Once a taboo culture associated with gangsters, the lion dance has evolved over decades to become a celebrated sport participated by troupes all over the world.

In a quiet industrial warehouse in Kampung Subang, a lion stirs.

A steady beat of drums rouses it further and, deftly, it hops onto the first of a row of tall poles, front legs first then hind legs neatly behind. It prances in an organised series of steps as if floating on air, following the rhythm of the aforementioned drum.

Every Wednesday, Eric Fong watches over the lion to ensure it gets its steps right. He observes intently and, at intervals, shouts commands to correct a misstep here, a missed drum beat there.

The lion is made up of two of his best wu si zai, or lion dance boys, the last of the few remaining in the country. Under the heavy lion head and the colourful cape of its tail, the two boys work in sync performing acrobatic feats to mimic the movement of a four-legged beast as regal as it is historically and culturally rich.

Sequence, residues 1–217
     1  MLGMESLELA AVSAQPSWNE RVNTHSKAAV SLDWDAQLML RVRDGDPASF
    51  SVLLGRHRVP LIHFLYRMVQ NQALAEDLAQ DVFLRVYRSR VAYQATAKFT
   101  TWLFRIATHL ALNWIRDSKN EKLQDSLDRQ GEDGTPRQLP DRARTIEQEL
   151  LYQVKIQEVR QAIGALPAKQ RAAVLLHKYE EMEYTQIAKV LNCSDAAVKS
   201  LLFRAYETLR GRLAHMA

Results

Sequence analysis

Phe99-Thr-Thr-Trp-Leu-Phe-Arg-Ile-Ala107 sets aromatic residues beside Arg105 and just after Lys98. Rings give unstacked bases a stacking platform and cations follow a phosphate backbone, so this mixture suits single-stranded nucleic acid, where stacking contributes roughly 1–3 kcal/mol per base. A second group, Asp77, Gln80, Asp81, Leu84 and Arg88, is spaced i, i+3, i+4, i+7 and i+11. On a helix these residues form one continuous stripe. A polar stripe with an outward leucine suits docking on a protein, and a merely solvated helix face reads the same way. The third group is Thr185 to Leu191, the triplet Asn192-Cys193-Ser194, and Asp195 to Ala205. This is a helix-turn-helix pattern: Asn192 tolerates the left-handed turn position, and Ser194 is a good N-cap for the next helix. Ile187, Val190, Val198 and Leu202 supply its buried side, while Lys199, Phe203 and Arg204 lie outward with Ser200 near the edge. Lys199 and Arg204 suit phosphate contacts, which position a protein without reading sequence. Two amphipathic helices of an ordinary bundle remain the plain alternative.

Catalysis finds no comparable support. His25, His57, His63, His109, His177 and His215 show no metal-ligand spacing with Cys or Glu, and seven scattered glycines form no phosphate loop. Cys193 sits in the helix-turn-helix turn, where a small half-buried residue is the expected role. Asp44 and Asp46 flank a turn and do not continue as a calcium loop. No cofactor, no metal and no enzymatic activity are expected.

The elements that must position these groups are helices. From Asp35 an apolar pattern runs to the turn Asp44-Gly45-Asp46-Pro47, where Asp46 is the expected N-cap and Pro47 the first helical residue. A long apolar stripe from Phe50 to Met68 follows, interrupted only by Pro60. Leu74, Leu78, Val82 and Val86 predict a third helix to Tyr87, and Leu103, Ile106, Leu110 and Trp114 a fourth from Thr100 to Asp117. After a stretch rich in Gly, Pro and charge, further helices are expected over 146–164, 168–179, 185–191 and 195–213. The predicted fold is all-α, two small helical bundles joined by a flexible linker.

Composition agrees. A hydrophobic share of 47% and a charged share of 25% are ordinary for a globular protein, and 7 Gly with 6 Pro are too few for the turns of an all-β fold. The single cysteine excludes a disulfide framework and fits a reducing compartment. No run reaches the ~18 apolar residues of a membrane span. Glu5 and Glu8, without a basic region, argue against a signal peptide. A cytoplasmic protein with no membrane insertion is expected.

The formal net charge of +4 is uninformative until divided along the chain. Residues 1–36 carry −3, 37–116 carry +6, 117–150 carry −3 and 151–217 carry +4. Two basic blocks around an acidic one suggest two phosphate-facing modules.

“The tail needs to be smart,” Eric tells, referring to the taller, more muscular boy at the back. “He needs to be fast-thinking to set the pace, strong enough to lift the head –” in reference to the boy in front who controls the lion head, “- and fluid enough to move his behind to mimic the lion’s wagging tail.”

The lion rears its head from its place on the pole six to seven feet above the ground.

“The head needs to be agile,” Eric adds. “He needs to be able to jump high, and most importantly, he needs to be a positive thinker. He needs to believe he can make the furthest and tallest jump, while relying on the tail to always hold on to him from falling.”